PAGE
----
Resonance in chemistry


Resonance dictates the method that is within the VB theory or Valence Bond Theory of bonding and the way of detailing the “delocalized electrons” within some molecules. Here, the bonding is not particularly described out by a lone Lewis structure. It definitely contrasts and compares two or more than two potential Lewis structures which are depicted by a specific molecule.

Each and every exclusive Lewis structure is known as a contributing structure (or arrangements, also diversely called resonance structure or canonical structure) of target ion or molecule.

The Contributing structures are exactly not the isomers (an isomer is a molecule or ion with similar formula but different structure) of a target ion or molecule since they are only different considering the location of delocalized electrons.

The above is an example of resonance

Resonance structures or contributing structures are in use when a single Lewis structure considering only one molecule can’t completely illustrate the bonding which occurs in between the nearby atoms comparative to the “Empirical data” for the definite bond lengths present between the particular atoms.

The final sum of “valid resonance structures” is described as the resonance hybrid. This resonance hybrid represents the complete electron delocalization inside a molecule.

A molecule containing many resonance structures is much more stable as compared to fewer resonance structures. A few of the resonance structures are more positive, favorable, or additionally supporting than others.

In atoms, molecules, and compounds, electrons don’t have fixed position but there’re probabilities to be found in some places (orbitals). The resonance forms describe the higher probabilities areas (electron densities). It’s just like keeping your hat either in your left hand or your right hand. When there are two or more than two possibilities available, then the word resonance has its role to play.

Resonance structures don’t alter atoms’ relative positions. Lewis structure’s skeleton remains exactly the same, electron locations are only changed.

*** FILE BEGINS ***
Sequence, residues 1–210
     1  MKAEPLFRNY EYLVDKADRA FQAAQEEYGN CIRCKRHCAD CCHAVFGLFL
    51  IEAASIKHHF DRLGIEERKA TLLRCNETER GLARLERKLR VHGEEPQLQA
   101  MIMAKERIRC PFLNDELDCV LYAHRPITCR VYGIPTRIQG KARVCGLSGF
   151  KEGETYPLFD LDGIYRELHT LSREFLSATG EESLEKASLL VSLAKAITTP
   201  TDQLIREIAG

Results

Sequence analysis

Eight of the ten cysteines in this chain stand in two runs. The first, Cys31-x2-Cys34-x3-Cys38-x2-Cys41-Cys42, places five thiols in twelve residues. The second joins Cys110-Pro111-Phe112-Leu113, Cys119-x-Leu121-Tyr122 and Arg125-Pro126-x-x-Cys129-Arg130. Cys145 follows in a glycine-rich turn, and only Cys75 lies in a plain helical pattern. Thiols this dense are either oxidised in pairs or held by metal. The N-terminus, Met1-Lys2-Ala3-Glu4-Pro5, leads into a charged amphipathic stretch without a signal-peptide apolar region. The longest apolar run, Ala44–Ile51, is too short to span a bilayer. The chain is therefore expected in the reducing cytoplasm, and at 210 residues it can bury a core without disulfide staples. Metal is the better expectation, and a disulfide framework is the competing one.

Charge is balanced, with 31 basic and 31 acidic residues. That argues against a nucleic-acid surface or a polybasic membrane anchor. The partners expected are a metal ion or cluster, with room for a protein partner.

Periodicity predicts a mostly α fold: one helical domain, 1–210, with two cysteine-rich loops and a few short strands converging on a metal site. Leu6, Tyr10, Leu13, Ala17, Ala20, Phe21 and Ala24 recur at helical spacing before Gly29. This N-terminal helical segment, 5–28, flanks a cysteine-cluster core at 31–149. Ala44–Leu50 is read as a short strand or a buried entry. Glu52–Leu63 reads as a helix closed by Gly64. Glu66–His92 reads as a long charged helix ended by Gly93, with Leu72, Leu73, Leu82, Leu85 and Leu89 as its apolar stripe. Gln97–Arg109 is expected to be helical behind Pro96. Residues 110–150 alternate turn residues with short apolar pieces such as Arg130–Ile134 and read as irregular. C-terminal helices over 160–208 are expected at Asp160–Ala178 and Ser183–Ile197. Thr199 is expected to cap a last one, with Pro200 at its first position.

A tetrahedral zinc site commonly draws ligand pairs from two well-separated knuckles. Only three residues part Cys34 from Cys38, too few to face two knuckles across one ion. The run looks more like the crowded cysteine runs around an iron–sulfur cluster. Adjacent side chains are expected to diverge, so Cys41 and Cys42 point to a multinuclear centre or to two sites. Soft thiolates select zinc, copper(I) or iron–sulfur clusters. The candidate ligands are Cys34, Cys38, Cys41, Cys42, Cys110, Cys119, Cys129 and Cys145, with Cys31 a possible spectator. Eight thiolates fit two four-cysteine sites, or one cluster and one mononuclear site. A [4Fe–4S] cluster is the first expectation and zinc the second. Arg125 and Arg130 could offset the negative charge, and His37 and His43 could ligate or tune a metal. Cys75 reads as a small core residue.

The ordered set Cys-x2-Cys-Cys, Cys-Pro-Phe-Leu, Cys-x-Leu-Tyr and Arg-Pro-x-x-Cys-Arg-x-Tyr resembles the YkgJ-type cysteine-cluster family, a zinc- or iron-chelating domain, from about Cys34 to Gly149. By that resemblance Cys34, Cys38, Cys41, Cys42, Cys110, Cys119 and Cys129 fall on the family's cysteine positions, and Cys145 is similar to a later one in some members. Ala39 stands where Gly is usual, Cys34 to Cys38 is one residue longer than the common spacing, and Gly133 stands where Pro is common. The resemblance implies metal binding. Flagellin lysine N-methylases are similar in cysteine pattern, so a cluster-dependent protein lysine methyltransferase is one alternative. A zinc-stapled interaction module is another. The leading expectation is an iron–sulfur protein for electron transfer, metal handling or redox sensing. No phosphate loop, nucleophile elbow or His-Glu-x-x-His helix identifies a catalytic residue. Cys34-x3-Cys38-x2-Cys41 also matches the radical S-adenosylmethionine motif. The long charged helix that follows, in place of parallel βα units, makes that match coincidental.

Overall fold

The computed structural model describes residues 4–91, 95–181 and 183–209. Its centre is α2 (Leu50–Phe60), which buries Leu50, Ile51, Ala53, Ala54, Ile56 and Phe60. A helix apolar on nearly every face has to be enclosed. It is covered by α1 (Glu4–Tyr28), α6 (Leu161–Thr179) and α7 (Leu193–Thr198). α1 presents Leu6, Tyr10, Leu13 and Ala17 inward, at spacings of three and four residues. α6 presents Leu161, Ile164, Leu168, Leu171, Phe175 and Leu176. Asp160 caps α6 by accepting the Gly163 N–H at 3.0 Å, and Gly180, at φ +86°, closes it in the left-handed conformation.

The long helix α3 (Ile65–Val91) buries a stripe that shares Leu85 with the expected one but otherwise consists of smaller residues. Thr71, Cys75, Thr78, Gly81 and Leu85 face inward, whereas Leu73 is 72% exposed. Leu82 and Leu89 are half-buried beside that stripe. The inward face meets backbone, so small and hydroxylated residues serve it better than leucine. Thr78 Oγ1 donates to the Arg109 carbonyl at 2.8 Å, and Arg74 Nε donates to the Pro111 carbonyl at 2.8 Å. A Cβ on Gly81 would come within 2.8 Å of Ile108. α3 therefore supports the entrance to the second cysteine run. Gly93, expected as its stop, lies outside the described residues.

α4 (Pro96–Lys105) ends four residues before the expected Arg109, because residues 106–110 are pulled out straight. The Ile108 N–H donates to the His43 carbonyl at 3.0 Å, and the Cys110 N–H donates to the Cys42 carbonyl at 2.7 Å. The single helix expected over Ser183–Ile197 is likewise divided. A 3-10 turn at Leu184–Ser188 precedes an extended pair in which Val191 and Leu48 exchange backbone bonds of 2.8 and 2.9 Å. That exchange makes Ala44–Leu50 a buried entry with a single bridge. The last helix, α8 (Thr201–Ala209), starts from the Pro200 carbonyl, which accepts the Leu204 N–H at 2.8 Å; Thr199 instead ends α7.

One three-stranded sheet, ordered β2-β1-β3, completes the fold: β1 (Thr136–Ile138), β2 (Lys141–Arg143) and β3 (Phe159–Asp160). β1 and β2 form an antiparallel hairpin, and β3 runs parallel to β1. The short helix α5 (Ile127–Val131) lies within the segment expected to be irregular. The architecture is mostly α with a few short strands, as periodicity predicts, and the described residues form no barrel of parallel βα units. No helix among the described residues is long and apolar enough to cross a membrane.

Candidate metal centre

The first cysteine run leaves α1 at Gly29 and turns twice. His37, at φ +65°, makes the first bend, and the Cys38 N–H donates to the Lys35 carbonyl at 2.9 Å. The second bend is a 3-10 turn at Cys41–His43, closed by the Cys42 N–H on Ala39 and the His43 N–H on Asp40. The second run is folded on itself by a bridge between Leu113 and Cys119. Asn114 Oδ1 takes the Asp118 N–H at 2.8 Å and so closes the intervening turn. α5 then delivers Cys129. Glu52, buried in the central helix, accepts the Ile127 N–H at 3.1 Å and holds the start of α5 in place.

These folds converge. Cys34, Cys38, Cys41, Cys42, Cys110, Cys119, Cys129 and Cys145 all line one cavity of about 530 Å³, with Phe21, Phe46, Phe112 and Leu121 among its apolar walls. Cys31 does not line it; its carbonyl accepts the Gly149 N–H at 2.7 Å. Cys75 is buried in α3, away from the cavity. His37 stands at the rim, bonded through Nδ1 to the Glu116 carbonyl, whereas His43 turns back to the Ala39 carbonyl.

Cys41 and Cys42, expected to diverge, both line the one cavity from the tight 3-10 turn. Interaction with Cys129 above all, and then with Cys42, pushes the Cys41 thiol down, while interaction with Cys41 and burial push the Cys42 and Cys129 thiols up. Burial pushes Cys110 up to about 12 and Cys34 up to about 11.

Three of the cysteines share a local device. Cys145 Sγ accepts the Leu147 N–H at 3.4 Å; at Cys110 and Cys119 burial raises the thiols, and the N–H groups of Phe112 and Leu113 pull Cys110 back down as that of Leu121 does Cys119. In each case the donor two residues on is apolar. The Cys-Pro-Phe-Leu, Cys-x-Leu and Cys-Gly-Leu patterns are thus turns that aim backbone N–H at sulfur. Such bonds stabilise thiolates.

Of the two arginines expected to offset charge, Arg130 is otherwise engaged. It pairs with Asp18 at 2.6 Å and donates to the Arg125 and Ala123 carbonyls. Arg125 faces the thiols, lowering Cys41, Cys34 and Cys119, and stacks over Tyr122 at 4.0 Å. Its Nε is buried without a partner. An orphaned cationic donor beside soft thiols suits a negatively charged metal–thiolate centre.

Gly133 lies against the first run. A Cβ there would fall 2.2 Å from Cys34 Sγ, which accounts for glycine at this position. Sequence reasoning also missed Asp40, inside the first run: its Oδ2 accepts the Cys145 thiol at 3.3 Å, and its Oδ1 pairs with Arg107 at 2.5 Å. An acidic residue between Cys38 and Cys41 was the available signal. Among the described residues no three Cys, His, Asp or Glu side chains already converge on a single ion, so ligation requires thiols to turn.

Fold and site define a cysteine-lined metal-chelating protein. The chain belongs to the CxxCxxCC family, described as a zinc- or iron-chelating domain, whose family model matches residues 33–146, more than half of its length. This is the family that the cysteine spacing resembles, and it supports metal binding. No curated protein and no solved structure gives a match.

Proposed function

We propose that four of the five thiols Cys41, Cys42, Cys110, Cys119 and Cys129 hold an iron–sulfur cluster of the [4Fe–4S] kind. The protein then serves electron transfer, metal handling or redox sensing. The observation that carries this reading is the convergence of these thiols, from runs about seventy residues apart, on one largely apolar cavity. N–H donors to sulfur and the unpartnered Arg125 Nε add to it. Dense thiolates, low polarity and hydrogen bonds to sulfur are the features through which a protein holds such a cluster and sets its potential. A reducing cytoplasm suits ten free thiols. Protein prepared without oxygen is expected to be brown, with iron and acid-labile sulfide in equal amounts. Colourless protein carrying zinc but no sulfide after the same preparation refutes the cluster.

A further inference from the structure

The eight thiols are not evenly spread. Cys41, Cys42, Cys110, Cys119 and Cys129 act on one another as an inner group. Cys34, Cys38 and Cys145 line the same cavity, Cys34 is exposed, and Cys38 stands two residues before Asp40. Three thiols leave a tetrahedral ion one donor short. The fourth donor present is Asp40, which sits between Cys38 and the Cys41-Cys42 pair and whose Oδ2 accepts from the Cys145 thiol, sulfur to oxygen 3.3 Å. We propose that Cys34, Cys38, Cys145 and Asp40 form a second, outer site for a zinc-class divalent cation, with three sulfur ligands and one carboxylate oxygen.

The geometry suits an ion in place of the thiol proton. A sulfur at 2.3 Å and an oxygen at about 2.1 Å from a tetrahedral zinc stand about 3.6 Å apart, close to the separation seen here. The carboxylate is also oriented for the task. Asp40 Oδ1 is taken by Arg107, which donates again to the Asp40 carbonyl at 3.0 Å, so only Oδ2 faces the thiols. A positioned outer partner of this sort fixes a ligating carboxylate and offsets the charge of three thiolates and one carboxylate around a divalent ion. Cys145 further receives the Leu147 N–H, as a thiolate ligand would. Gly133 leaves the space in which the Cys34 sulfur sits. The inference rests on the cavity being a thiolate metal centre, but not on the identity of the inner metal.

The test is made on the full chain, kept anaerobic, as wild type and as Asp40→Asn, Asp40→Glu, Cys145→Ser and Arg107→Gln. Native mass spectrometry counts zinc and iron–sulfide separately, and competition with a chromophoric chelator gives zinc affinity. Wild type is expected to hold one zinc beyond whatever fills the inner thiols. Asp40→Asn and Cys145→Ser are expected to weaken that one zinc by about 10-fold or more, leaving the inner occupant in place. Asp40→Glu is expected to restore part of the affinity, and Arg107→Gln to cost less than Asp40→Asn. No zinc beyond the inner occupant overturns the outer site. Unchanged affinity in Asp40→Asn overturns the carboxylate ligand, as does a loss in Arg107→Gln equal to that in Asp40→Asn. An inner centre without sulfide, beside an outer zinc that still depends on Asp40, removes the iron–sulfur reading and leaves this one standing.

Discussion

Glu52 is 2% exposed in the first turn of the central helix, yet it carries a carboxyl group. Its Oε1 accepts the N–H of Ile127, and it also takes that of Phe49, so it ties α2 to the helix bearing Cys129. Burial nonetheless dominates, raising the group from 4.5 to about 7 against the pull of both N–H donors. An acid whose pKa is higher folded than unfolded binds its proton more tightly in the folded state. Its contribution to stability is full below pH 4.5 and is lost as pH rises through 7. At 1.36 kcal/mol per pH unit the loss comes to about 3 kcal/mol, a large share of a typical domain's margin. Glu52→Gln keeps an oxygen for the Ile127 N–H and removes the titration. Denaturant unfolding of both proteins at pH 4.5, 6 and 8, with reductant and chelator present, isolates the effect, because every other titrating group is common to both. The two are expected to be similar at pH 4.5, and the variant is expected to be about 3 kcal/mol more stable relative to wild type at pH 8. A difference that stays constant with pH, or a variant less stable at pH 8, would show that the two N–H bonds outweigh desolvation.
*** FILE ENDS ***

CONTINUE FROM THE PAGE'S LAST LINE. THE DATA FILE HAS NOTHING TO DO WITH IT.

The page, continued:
Resonance Structures and Delocalization Rules

Electrons have the capability to move for helping to stabilize a molecule in resonance structures. This movement of electrons is referred to as delocalization.

  1. Resonance structures must consist of an identical number of (e−) electrons, no electrons should be added or subtracted. (Only check out the number of electrons by counting them).
  2. All resonance structures should be following the rules of drawing/writing the Lewis Structures.
  3. The hybridization of a structure should remain the same.
  4. The skeleton of a structure can’t differ to change (electrons can move only).
  5. In resonance structures, the number of lone pairs should be the same.

Formal Charge

Although the structures look alike, the (FC) formal charge might not be. Formal charge refers to the charge that is allocated to a particular atom in a molecule. If calculated rightly, the molecule’s net formal charge should be identical to a molecule’s oxidation charge (the calculated charge while writing out the molecular and empirical formula).

We wish to select the resonance structure with the smallest formal charges, which adds to zero or the overall molecules’ charge. The formula to find Formal Charge is-

Formal Charge = (no. of valence electrons in free orbital) – (no. of lone pair electrons) – ½ (no. of bond pair electrons)

The FC has to be equal to the overall charge of the molecule, e.g. the CNS molecule has the overall charge of 1- so, the FC of Lewis structure has to be equal to 1-.

Resonance Hybrids

Resonance structures represent a Resonance Hybrid, which is a mixture of all resonance structures. Nearly zero (FC) Formal Charge in the resonance structure is the most acknowledged structure, nonetheless, the right Lewis structure is indeed a combination of whole resonance structures and can’t be described as only one.



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